Henry Gray, 57, was diagnosed with COVID-19 on Dec. 4, 2020. On the fifth-floor intermediate unit, one step short of the ICU, he was receiving oxygen.
As sick as he was physically, he was no better emotionally. The virus was keeping his wife, Matilda, and their children and grandchildren from visiting. A major with the Forsyth County Sheriff’s Office, Gray had been on drug raids and SWAT operations and oversees those and several other teams today. Lying in that hospital bed with COVID, he said, was more terrifying than anything he’d ever experienced. His father died of cancer alone in a hospital room. Would that be his fate?
“I cried the most in the hospital I ever cried in my life,” Gray said. “At times I wanted to give up.”
Then Ruth VanHoy walked into his room.
Prayer, then tough love
VanHoy, 54, was a nurse on Gray’s unit. Still is. The 20-bed unit cares for patients who are considered serious but not critical. During the pandemic, nearly all had COVID-19.
Having worked 18 years at the hospital, she understood that caring for patients means more than making sure they take their meds. During COVID-19, it means connecting patients and families by phone. Being the go-between when loved ones “visit” from the other side of the door. Offering comfort any way you can.
With Gray lying there, her gift of encouragement was about to be tested. “He was just looking out of the window,” she said. “Tears were in his eyes.”
First, VanHoy got him talking. Then she asked if she could pray with him. “Yes ma’am,” he said. After a moment of prayer, she got down to business. Tough love you might call it.
“Have you been up and out of that bed?” VanHoy asked.
“No,” Gray answered.
“Well, we’re going to get you up and out of that bed,” she told him.
With that command, a friendship was born. And a recovery was underway.
‘You can do this’
Now back to work, Gray credits everyone on his care team for helping him beat COVID-19.
“People never gave up on me at that hospital,” he said. “Every day they came with the same energy. ‘You can do this, you can do this.’ Everyone on this journey has been a blessing.”
The connection between Gray and VanHoy, though, was special.
To make sure he didn’t have an excuse to stay in bed, she got him a recliner. Then as Christmas neared and Gray faced the holiday alone in a hospital room, VanHoy had an epiphany.
The family of a patient who was going home had given her a two-foot-tall artificial tree, which she stashed in her locker at work. She called her husband, Ricky, and told him to scour the house for whatever ornaments he scrounge up. He grabbed what he could find, the headed to a few dollar stores near their home in Jonesville, North Carolina, for more. Then he drove 40 miles to the hospital to deliver the goodies (in a Nissan Rogue SUV, not a reindeer-powered sled). The decorated Christmas tree went up on a table in Gray’s room Dec. 21.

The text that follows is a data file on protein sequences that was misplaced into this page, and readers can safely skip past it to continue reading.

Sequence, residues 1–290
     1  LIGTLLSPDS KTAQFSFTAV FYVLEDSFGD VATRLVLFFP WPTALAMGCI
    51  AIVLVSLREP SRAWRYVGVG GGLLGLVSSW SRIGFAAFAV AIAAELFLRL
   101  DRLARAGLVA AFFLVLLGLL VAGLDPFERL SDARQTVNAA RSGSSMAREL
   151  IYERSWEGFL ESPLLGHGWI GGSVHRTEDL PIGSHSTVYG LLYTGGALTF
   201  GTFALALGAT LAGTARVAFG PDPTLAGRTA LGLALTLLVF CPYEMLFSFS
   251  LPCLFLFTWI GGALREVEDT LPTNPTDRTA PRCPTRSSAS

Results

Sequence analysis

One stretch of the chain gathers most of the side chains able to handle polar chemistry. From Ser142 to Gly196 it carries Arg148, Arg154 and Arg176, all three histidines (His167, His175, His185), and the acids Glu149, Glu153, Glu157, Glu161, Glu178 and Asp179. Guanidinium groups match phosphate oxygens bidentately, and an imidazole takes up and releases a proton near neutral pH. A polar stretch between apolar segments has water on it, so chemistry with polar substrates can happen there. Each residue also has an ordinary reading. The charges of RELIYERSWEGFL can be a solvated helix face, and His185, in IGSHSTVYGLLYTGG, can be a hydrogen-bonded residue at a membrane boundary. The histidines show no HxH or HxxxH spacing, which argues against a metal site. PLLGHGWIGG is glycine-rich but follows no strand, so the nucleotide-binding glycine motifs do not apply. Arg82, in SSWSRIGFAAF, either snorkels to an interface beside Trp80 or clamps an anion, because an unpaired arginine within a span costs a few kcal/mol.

“Now you don’t have to feel like you’re in a hospital,” she told Gray.
Gray cried again, this time for a different reason. “It took a lot of thought and a lot of love,” he said. “I’m thankful that she saw something in me to help me keep fighting. I was ready to give up.”
After nearly a month in the hospital and two months recuperating at home, Gray returned to work in March. He’s been vaccinated and gotten the booster. He said he’s 90% recovered and has thrown himself into pulmonary rehab (see accompanying story) to get to 100%.
At his first command staff meeting after he returned, Sheriff Bobby Kimbrough Jr. called VanHoy, put her on speaker phone and thanked her for what she had done for Gray.
VanHoy herself was diagnosed with COVID-19 on Dec. 29. A severe allergy keeps her from getting vaccinated. Of course, she urges everyone who is able to get the vaccine. She was sick at home and out of work for two and a half weeks. She’s back at work, and just returned from hiking in Utah. In March, she wrote a poem, “Look Up,” in honor of Gray. It recalls their first encounter in the hospital. Here’s an excerpt:
God places people in your path when you are at your lowest and feel you cannot go on … So when you feel like this just look up to see that person standing there.
VanHoy was there for Gray. And now he is there for her. When she’s at risk of being overwhelmed at work, she turns her thoughts to the patients she’s helped to ease the pain and struggle that COVID nurses encounter every day. She calls Gray a “shining star” who helps her find her way. The two speak every week or so, to check up on each other.
“She was a godsend,” he said.
“We’re family,” she said.
An extra thanks to a pulmonary rehab team
After his stay at Novant Health Forsyth Medical Center, Gray attended 36 sessions of rehab at Novant Health Pulmonary Rehabilitation in Winston-Salem. “Didn’t miss a day,” he said. Each session lasted an hour. Each pushed him to the limit. Lifting weights. Walking the treadmill. Stretching. Aerobics. Learning about the importance of a proper diet. Weighing in. (A former powerlifter. Gray is 6-foot-1 and weighs 300-plus pounds. His wife, Matilda, calls him “huskular.”) Being challenged by everyone who was part of his team. Drawing inspiration from everyone who was part of his team.
Gray is proud that he “graduated” from pulmonary rehab, not for himself but for the men and women with whom he works at the Forsyth County Sheriff’s Office. “Your guys are on the battlefield,” he said. “You want to be back out there with them. It’s the servant in me.”